New Urban Forester The Holden Arboretum’s mission is to promote “the beauty and importance of trees and other woody plants to create sustainable and healthy communities in the Great Lakes region and beyond.” In pursuit of that mission, Holden recently hired Chad Clink to serve as its community forester. The newly created position is targeted at expanding the organization’s outreach efforts in Northeast Ohio.


the Broadway Chad Clink teamed up with Neighborhood House Services (NHS) to Beautify the Broadway in June. The initiative provides outreach education and engagement while providing tree care to trees in the St. Clair and E. 55 neighborhood.

Clink will serve as an advocate for scientifically based urban forest management throughout the region, said Paul Spector, director of education and public programs. “The Greater Cleveland region has recognized the value of trees in improving the livability of our communities and there are many outstanding initiatives underway throughout the area,” Spector said. “We hope to collaborate with these public and private institutions in order to enhance and expand on their efforts.” Holden is excited about the opportunities this new position will create. “We are excited to have Chad join our staff in this new position,” Spector said. “His extensive training and experience, along with Holden’s expertise in education and research, will allow us to immediately contribute to the ongoing efforts and others that develop as we work towards a greener Northeast Ohio.” Holden’s new community forester will help to promote the aesthetic, environmental, and economic value of trees and forests to communities and will be collaborating with governmental and professional organizations while educating the public. A Board Certified Master Arborist, Clink is a graduate of Kent State University’s horticulture program and studied natural resource management through the University of Idaho. He is a certified Municipal Specialist with the International Society of Arboriculture and has traveled the country extensively assisting with urban forest assessments and working with communities to understand the benefits and value of healthy forests and sustainable green infrastructure. Clink hopes to bring that experience to Cleveland especially into the neighborhoods needing the most assistance. His first step as community forester will be to gain awareness of urban and community forestry initiatives in Northeast Ohio to find ways to share his expertise and become more involved. One of the opportunities he anticipates is getting communities to think about trees during the planning process. While many people understand the aesthetic value trees offer, additional benefits trees provide a community may not be clearly understood and could be overlooked in the planning process, Clink said. His experience will benefit both long-established cities as well as communities in various stages of development and redevelopment as he offers guidance and education on managing their current green resources and advocates for the planting and maintenance of trees during planning. “Research indicates that healthy trees and green infrastructure provide significant health and economic benefits to communities,” Clink said. “Trees are a great resource. They decrease pollution through carbon sequestration, reduce the negative impacts of storm water and help prevent erosion among many other things.”


He is also looking forward to meeting Holden’s members.


“I’m very passionate about arboriculture and urban forestry, and I hope Holden’s members will be excited to learn about those activities because of the benefits that trees provide all of us,” he said. “Whether you’re a home owner, a business owner or a community advocate, you can benefit from urban forests, so why not come learn about them?”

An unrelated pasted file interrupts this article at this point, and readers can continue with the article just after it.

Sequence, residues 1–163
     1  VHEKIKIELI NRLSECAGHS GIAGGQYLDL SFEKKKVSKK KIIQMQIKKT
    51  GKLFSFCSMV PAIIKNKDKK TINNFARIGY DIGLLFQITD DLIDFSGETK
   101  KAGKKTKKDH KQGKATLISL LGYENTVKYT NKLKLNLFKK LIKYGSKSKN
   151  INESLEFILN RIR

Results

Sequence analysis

ask Greg

Acer palmatum (continued from page 8) grace Hawgood Hill. Planted in 2014 ‘Ryusen’ needs to be trained to a desired height. At Lantern Court Acer palmatum ‘Seiryu’ a tree-form with deeply dissected leaves turns brilliant reddish shades from late October to early or even mid November in some years. Unfortunately, fall snow storms can bring an abrupt end to the color display and can result in structural damage to the trees. Japanese maples can lose limbs in fall snow storms. The pine-bark Japanese maple, ‘Nishiki gawa’ at Lantern Court lost a limb in Oct. 2013 and suffered significant winter 2014 branch dieback. ‘Seiryu’ also had some dieback. The tendency of both ‘Nishiki gawa’ and ‘Seiryu’ to go dormant later in fall than the Japanese maples that did not suffer dieback suggests late leaf drop as an indicator of questionable winter hardiness in northeast Ohio. Most Acer palmatum cultivars lost vegetative buds in the winter of 2014 and resorted to producing new leaves from adventitious buds hidden beneath the bark that flushed in mid to late May, 2-3 weeks after the primary buds produced leaves. In some years such as 2012, leaves broke bud by the first week of April, making them prone to hard spring frosts. The Easter freeze of 2007 killed the foliage in April, but new leaves appeared in May and plants recovered fairly quickly. The small purplish-red flowers appear with the new leaves, although none were present in 2014 due to the harsh winter which included a -16 degree F. low in February. Two of the newly planted trees in the Paine Rhododendron Discovery Garden had bark split on their main trunks that, combined with an infestation of Ambrosia beetles, killed them this spring. Commercial tree wrap serves to prevent winter sun scald and bark split on trunks of thin barked trees such as these. To guard against rodents chewing the bark during winter, hardware cloth can be used. In the landscape, Japanese maples have become popular, especially the purplish-red foliaged forms with dissected leaves. They are not as expensive as they used to be and are striking in combination with conifers, azaleas, and a number of other plants including Japanese forest grass (Hakonechloa macra ‘Aureola’) that are available in local garden centers. The cutleaf forms typically grow 8-10’ tall after several decades but can be kept to 4-5’ with annual pruning. Winter (late Jan.-Feb.) and summer (June-July) are the best times to prune. To shorten branches, simply cut back stems as close as possible to pairs of side shoots.